The reality that men are greater than the sum of their dick and balls isn't quite as, well, sexy to businesses built on the back of ladies self-doubt. But the truth is, men in communicative relationships built on trust and respect are often happy with their sex life, and that probably includes plenty of weeks where you only do it once. In missionary. With hairy legs (both of you). Or whatever's normal in your couple. If you've made it to the altar, you probably have a pretty good idea of what that is.

Just like how (most) women don't want to engage in seven hours or foreplay before allowing another to penetrate That Which Is Most Sacred, men don't need to dip their dick into every vagina all the time to feel happiness. Perhaps most married men are happy sexually because they're in loving relationships with the right amount of physical intimacy (read: boning, et al) for them and their partner?

Now we just have to work on improving the percentage of married women who are happy with their sex.


Tuesday, March 26, 2013

AZ SB 1045 - Discrimination Against TRansgender People and Anyone Who Does Not Identify or Appear as Biologically Male or Female

I received this email today from the Arizona Counselors Association - I have sent a letter to Mr. Kavanagh, who drafted this "strike everything" amendment to Senate Bill 1045 expressing my concerns around legalizing discrimination against anyone who does look or identify as strictly male or female by traditional standards.

If you are a counselor or even a concerned citizen in Arizona, please write to one the representatives below.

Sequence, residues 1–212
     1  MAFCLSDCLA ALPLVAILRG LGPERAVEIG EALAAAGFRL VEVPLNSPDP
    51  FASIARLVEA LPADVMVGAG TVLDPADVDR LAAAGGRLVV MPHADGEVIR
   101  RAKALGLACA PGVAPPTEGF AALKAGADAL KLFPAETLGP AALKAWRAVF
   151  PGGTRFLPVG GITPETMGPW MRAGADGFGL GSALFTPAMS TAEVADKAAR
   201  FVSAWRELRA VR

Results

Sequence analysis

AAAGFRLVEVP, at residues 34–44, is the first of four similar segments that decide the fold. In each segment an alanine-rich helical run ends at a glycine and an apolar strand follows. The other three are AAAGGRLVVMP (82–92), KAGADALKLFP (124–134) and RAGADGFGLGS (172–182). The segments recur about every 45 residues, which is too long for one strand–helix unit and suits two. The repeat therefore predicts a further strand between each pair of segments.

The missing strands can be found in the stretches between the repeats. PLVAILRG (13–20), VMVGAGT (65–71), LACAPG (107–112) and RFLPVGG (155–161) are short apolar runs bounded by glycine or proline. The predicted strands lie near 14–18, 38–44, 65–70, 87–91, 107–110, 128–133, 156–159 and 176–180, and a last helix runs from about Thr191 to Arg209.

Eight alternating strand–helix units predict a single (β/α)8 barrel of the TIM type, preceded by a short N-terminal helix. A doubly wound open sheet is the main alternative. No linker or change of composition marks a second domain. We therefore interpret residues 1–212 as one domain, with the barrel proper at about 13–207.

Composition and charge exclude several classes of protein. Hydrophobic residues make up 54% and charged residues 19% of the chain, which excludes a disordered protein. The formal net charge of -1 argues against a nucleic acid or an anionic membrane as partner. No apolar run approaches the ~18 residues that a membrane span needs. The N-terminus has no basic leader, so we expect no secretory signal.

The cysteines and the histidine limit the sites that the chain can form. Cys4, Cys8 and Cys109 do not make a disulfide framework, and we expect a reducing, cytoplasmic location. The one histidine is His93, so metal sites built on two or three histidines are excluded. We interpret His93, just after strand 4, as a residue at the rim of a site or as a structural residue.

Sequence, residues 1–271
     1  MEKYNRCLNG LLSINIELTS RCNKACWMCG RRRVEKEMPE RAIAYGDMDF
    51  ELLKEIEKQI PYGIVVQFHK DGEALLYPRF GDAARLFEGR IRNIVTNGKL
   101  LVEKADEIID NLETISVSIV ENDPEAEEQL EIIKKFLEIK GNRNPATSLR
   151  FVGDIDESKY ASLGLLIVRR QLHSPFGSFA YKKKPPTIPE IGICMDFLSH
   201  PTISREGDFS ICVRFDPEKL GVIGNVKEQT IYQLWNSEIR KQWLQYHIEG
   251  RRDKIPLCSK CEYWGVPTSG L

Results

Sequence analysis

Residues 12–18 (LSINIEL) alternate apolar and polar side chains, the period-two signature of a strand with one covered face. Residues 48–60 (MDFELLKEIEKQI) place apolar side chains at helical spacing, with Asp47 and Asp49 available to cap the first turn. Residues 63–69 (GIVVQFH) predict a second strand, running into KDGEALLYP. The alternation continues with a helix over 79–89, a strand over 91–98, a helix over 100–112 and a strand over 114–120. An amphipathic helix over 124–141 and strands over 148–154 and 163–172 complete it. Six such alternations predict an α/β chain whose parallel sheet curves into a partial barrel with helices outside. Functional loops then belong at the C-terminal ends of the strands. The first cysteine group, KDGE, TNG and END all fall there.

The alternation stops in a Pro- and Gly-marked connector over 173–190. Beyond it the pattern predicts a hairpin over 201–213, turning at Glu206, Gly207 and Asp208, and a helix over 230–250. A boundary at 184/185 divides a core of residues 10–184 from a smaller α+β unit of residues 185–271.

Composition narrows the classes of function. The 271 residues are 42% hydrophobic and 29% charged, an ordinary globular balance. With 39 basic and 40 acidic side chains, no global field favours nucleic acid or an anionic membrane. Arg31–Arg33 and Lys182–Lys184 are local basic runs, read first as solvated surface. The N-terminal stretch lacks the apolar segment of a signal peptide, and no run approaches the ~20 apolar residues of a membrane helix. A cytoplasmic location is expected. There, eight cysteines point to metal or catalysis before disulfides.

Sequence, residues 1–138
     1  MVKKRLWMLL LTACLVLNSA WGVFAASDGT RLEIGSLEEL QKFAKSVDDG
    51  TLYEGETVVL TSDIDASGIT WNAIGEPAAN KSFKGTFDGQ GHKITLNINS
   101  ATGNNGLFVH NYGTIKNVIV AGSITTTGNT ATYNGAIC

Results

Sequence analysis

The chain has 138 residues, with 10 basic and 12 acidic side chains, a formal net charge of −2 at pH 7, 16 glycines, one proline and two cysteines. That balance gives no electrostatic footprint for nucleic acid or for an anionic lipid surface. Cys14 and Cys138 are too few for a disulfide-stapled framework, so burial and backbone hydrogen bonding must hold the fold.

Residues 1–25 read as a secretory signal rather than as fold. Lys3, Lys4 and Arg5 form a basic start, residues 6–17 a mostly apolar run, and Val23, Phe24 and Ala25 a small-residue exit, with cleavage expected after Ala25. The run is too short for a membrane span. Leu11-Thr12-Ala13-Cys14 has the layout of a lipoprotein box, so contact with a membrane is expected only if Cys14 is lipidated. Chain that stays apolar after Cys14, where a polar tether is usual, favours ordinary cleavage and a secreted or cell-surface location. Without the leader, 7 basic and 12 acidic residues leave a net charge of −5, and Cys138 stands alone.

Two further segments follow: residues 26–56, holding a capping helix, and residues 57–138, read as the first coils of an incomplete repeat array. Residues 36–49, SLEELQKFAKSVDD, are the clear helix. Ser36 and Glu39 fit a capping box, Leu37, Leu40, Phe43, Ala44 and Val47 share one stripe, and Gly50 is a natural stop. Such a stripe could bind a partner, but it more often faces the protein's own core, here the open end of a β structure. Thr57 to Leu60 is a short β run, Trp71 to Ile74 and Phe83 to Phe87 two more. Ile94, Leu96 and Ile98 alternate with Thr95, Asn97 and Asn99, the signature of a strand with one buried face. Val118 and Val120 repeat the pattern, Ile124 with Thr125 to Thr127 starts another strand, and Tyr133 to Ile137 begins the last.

Social Justice Action

Transgender SB1045 - No Loo 4U

Re: SB 1045
Who: All Mental Health Professionals
When: ASAP, prior to March 27th 2pm
How To: See Below

Transgender SB1045
No Loo 4U

The Appropriations Committee will be hearing a strike everything amendment tied to SB 1045 proposed by state Representative John Kavanagh. The strike everything amendment is clearly targeting and discriminating transgender individuals and is an affront to civil rights and human rights. The Government Relations/Public Policy Committee and AzALGBTIC of the Arizona Counselors Association are asking that Professional Counselors, Counselor Educators, and Counseling Students write the members of the Appropriations Committee expressing their reasons that they vote "NO" on the Kavanagh Amendment. As counselors, part of our identity is addressing oppression and abuses of power and privilege, this is an opportunity for counselors to practice Social Justice. Please take a few minutes and write to the Appropriations Committee.

This is a link to read the strike out amendment:

Here are some talking points you can pick and choose from:

There is no problem for this bill to solve. There are no cases of transgender people causing problems in "private" spaces. It is unnecessary and only promotes discrimination. Instead of the government protecting the most vulnerable, this only encourages people to bully them.